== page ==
The number of overweight and obese children in the United States continues to rise. According to 2008 statistics quoted by the Centers for Disease Control, an estimated 17 percent of children and adolescents ages 2 to 19 years are obese. Obese and overweight children are more likely to develop chronic conditions usually found in much older populations—like heart disease, high blood pressure, high cholesterol and type 2 diabetes. They suffer social stigma and usually grow into obese adults. Crash dieting is not recommended for anyone, but particularly not for children who need balanced nutrition to support growth. How fast the pounds come off really depends on how drastic these changes are for the child. The primary focus should be on preserving and achieving optimal health--even if that means it takes longer to reach a weight loss goal.
Kids, overweight or not, should be active. This does not mean a child needs a structured exercise program—look for enjoyable ways to get moving. Parents can take their kids to the park, encourage them to play ball or a game of tag outside. The Mayo Clinic also points out that children mirror parent’s actions. If a parent shows that he enjoys and values exercise, the child is more likely to do so as well. If you can get your child to burn an extra 250 calories per day through activity, he can lose a half pound per week.
Limit Media Time
If a child is watching television or playing video games, they are not burning many calories. Television also encourages mindless snacking and advertises unhealthy, tempting foods. The Centers for Disease Control recommend limiting sedentary “media” time to no more than two hours per day. This allows for more time for active play and more calories burned--hastening weight loss.
Cut Out the Junk
No matter the age of the child, parents usually control the types of food available in the home. Instead of giving in to pleas for fast food, try to prepare healthy meals containing lots of vegetables, fruits and whole grains. Low-fat dairy products, lean meats and beans are low-fat protein sources. Look for healthy ways to prepare favorite dishes—make pizza with whole wheat crust and low-fat cheese, enjoy soft tacos with grilled chicken on whole grain tortillas or create your own sloppy joes with low-sodium tomato sauce and lean ground turkey. Clear the pantry of processed snack foods and candy and offer whole grain crackers, low fat string cheese, applesauce, and fresh fruit. If you replace a breakfast donut with a whole wheat english muffin at breakfast, substitute baked chips for for french fries at lunch, cut out a cookie at snack time and serve whole wheat spaghetti with marinara instead of fast food burgers for dinner--you can save a child over 500 calories. Save that many calories every day and your child loses a quick pound per week.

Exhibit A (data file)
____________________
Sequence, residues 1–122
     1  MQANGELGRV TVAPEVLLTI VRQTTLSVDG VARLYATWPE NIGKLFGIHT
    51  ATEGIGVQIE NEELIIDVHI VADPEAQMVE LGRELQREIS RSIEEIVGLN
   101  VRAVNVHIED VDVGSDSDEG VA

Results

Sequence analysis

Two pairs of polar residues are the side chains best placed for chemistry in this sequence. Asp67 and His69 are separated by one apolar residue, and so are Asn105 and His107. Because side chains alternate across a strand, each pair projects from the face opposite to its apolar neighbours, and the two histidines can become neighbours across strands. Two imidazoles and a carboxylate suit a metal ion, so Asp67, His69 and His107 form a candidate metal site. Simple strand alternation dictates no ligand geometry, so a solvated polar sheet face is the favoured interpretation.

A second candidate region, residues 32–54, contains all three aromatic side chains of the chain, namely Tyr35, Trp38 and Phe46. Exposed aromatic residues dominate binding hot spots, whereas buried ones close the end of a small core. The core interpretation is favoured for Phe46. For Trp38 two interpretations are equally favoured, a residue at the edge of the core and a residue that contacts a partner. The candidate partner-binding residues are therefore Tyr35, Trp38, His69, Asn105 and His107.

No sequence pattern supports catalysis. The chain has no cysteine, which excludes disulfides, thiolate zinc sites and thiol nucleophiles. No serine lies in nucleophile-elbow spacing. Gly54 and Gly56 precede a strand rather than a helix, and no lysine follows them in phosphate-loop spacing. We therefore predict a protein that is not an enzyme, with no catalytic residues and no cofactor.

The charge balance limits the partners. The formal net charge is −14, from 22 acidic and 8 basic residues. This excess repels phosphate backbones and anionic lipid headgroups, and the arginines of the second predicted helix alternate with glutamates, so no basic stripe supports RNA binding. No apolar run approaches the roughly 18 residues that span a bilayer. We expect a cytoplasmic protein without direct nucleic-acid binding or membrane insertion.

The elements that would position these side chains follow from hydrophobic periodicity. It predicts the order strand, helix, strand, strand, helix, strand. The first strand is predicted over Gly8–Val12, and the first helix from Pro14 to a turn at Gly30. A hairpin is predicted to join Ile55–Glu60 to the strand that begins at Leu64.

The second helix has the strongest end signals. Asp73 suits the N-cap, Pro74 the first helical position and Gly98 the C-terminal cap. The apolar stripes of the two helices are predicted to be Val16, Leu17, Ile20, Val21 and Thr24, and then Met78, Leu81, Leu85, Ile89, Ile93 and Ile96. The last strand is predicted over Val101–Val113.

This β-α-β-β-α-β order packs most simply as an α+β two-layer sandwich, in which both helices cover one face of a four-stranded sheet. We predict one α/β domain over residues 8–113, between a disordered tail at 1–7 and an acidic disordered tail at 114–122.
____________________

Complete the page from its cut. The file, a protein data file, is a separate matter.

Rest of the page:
Cut out the juices, energy drinks and sodas. These additions to a child's diet add hundreds of calories, no nutrition and no satiation. Make water the drink of choice for meals with low fat milk as another option. Reserve sugary drinks for special occasions. Giving up 8 oz. of apple juice at breakfast, a soda at lunch and the chocolate milk at dinner saves 400 calories per day--causing almost a pound per week of weight loss.